in the Absence of the Vice President, or when he shall exercise the Office of President of the United States.
The Senate shall have the sole Power to try all Impeachments. When sitting for
that Purpose, they shall be on Oath or Affirmation. When the President of the United States is tried, the Chief Justice shall
preside: And no Person shall be convicted without the Concurrence of two thirds of the Members present.
Judgment in Cases of Impeachment shall not extend further than to removal from
Office, and disqualification to hold and enjoy any Office of honor, Trust or Profit under the United States: but the Party
convicted shall nevertheless be liable and subject to Indictment, Trial, Judgment and Punishment, according to Law.
The Times, Places and Manner of holding Elections for Senators and Representatives,
shall be prescribed in each State by the Legislature thereof; but the Congress may at any time by Law make or alter such Regulations,
except as to the Places of chusing Senators.
The Congress shall assemble at least once in every Year, and such Meeting shall
be on the first Monday in December, unless they shall by Law appoint a different Day.
Each House shall be the Judge of the Elections, Returns and Qualifications of
its own Members, and a Majority of each shall constitute a Quorum to do Business; but a smaller Number may adjourn from day
to day, and may be authorized to compel the Attendance of absent Members, in such Manner, and under such Penalties as each
House may provide.
Each House may determine the Rules of its Proceedings, punish its Members for
disorderly Behaviour, and, with the Concurrence of two thirds, expel a Member.
Each House shall keep a Journal of its Proceedings, and from time to time publish
the same, excepting such Parts as may in their Judgment require Secrecy; and the Yeas and Nays of the Members of either House
on any question shall, at the Desire of one fifth of those Present, be entered on the Journal.
Neither House, during the Session of Congress, shall, without the Consent of
the other, adjourn for more than three days, nor to any other Place than that in which the two Houses shall be sitting.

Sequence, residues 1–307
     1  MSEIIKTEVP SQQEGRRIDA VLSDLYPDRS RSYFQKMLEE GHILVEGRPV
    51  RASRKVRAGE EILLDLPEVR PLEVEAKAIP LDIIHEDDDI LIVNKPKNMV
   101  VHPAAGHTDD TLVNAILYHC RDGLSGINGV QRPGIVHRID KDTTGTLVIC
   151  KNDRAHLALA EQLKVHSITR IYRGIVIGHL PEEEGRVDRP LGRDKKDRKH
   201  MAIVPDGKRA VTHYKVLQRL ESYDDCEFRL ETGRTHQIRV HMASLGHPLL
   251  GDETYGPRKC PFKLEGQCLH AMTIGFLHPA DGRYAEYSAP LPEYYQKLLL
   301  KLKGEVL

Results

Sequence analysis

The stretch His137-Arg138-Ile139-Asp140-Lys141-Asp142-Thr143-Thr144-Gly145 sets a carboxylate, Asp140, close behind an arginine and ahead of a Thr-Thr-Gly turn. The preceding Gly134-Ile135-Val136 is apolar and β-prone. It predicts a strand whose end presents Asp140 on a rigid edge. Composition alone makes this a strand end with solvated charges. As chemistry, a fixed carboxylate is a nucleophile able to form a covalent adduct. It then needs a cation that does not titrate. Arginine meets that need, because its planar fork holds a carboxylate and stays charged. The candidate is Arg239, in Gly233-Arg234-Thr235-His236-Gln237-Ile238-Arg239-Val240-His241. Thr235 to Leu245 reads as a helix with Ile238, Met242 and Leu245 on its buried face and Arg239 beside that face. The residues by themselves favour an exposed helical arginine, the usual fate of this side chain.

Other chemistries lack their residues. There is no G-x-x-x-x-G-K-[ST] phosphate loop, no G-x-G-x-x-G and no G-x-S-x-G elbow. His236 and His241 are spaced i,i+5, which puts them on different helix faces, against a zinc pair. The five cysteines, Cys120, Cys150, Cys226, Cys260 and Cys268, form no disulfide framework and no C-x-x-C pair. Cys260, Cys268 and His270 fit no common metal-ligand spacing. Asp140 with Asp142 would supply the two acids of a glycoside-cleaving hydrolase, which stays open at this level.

The Senators and Representatives shall receive a Compensation for their Services,
to be ascertained by Law, and paid out of the Treasury of the United States. They shall in all Cases, except Treason, Felony
and Breach of the Peace, be privileged from Arrest during their Attendance at the Session of their respective Houses, and
in going to and returning from the same; and for any Speech or Debate in either House, they shall not be questioned in any
No Senator or Representative shall, during the Time for which he was elected,
be appointed to any civil Office under the Authority of the United States, which shall have been created, or the Emoluments
whereof shall have been encreased during such time; and no Person holding any Office under the United States, shall be a Member
of either House during his Continuance in Office.
All Bills for raising Revenue shall originate in the House of Representatives;
but the Senate may propose or concur with Amendments as on other Bills.
Every Bill which shall have passed the House of Representatives and the Senate,
shall, before it become a Law, be presented to the President of the United States: If he approve he shall sign it, but if
not he shall return it, with his Objections to that House in which it shall have originated, who shall enter the Objections
at large on their Journal, and proceed to reconsider it.If after such Reconsideration two thirds of that House shall agree
to pass the Bill, it shall be sent, together with the Objections, to the other House, by which it shall likewise be reconsidered,